• Compressor:none
  • Equalizer: Low shelving, Fixed Hi EQ, Variable Low EQ, Variable Mid EQ frequencies
  • Rackmountable: Yes - 1U

Rating Source Highlights

Website Source *Rating Value
TapeOp Allen Farmelo 95/100
Gearspace ToneJones 95/100
*Displayed values are prior to the Gearank Algorithm's adjustments it makes when evaluating the source.

The Best Channel Strips over $1500

Manley Core Reference

96
GEARANK

96 out of 100. Incorporating 60+ ratings and reviews.

Street Price: 

$2499
Manley Core Reference Tube Channel Strip

Cons

  • Limited tweakability compared to individual units from Manley
  • No noise gate

Pros

  • Adds richness and complexity to brighter, detailed mics
  • Distilled versions of Manley's best circuits in one unit
  • Custom high-end componentry
  • Great entry into boutique gear

The Manley Core Reference is a channel strip based on Manley's award winning VOXBOX. With a Class A tube mic preamp (1 x 12AX7 for gain and 1 x 6922 White Follower) and custom Manley transformers, the Core Reference was designed to be as it's named: the core of your project studio.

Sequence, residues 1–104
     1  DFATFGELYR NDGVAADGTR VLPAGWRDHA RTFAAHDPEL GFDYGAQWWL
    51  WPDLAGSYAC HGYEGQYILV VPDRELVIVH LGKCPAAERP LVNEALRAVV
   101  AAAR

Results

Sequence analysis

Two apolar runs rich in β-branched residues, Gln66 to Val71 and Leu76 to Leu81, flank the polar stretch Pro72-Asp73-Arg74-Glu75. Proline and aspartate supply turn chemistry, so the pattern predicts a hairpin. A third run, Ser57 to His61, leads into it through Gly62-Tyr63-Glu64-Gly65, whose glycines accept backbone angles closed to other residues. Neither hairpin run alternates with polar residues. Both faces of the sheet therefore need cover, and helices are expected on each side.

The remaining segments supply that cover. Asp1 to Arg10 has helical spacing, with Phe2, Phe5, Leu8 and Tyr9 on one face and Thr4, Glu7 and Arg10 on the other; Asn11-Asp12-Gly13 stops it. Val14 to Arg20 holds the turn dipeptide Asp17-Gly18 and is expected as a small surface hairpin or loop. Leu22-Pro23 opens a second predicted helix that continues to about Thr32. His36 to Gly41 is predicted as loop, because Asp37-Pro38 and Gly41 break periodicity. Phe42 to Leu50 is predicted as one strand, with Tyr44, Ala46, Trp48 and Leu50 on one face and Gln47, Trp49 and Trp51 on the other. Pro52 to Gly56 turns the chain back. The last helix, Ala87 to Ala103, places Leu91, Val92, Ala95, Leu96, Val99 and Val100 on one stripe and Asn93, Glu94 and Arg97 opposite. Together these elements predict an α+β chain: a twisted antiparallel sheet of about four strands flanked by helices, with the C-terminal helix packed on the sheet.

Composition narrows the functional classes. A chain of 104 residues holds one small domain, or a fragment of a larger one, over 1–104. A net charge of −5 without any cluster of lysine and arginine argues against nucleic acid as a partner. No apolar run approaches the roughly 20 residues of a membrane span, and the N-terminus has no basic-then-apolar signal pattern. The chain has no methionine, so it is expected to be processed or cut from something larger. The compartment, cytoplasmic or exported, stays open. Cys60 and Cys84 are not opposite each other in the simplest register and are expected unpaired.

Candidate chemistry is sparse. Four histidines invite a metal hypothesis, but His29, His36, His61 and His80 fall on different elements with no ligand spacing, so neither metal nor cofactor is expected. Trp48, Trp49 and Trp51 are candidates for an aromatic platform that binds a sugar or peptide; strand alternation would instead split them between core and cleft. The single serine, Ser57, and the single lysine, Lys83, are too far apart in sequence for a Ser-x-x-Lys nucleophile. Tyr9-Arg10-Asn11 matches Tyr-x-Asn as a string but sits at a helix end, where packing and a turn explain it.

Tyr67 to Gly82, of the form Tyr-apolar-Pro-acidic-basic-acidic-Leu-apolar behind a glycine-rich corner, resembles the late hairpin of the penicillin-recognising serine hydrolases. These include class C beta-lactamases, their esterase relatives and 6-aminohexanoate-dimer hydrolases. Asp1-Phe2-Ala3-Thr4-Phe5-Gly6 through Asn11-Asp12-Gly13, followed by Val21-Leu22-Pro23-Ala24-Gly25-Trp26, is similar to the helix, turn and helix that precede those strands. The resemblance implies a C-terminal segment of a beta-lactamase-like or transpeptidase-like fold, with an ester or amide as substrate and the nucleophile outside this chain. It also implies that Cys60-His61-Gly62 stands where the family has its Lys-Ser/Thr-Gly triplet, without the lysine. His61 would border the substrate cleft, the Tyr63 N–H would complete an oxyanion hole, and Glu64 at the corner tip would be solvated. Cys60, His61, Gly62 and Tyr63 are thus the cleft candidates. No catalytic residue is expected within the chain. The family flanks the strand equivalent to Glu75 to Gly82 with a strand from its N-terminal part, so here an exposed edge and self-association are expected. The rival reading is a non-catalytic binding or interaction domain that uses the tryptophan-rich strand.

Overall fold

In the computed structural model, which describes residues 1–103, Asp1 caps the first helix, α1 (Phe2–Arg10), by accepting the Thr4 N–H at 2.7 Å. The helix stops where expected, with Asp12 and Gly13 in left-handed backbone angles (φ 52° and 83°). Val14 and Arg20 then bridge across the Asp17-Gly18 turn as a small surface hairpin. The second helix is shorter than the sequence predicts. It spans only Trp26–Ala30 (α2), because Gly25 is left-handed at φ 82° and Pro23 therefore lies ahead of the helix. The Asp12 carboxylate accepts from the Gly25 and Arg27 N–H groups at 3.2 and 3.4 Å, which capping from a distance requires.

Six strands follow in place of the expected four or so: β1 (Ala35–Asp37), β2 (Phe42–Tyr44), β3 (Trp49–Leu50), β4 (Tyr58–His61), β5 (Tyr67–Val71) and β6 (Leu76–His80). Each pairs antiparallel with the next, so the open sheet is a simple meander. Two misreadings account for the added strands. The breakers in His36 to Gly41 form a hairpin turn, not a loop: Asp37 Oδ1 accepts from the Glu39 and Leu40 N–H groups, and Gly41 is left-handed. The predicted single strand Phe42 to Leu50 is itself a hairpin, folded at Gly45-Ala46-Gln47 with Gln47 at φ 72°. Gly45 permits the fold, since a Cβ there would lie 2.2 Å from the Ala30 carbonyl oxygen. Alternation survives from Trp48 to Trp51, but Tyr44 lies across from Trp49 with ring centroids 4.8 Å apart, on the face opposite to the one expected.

The Core Reference brings together Manley's most popular modules and technology into an "essentials" package channel strip.

Aside from the tube preamp, the Core Reference has a baxandall eq, ELOP compressor and Brickwall limiter.

Going into the preamp, the overall tone is crisp and clear without making bright condenser mics thin or brittle. This is a big plus for bright mics like the Sony C800g or C100 to have a richer top end without totally sacrificing the tonality they are known for. Manley's own Reference series condenser mics have an extended top end. With that in mind, if your mic collection consists of bright mics, this unit's preamp is a godsend in keeping harshness at bay.

That said, the Core Reference has its own compromises. Its modules are not as fully fleshed out as the main units Manley offers such as their individual dynamics and EQ lines. The lack of a noise gate/expander (which is important to me) is also something to look out for.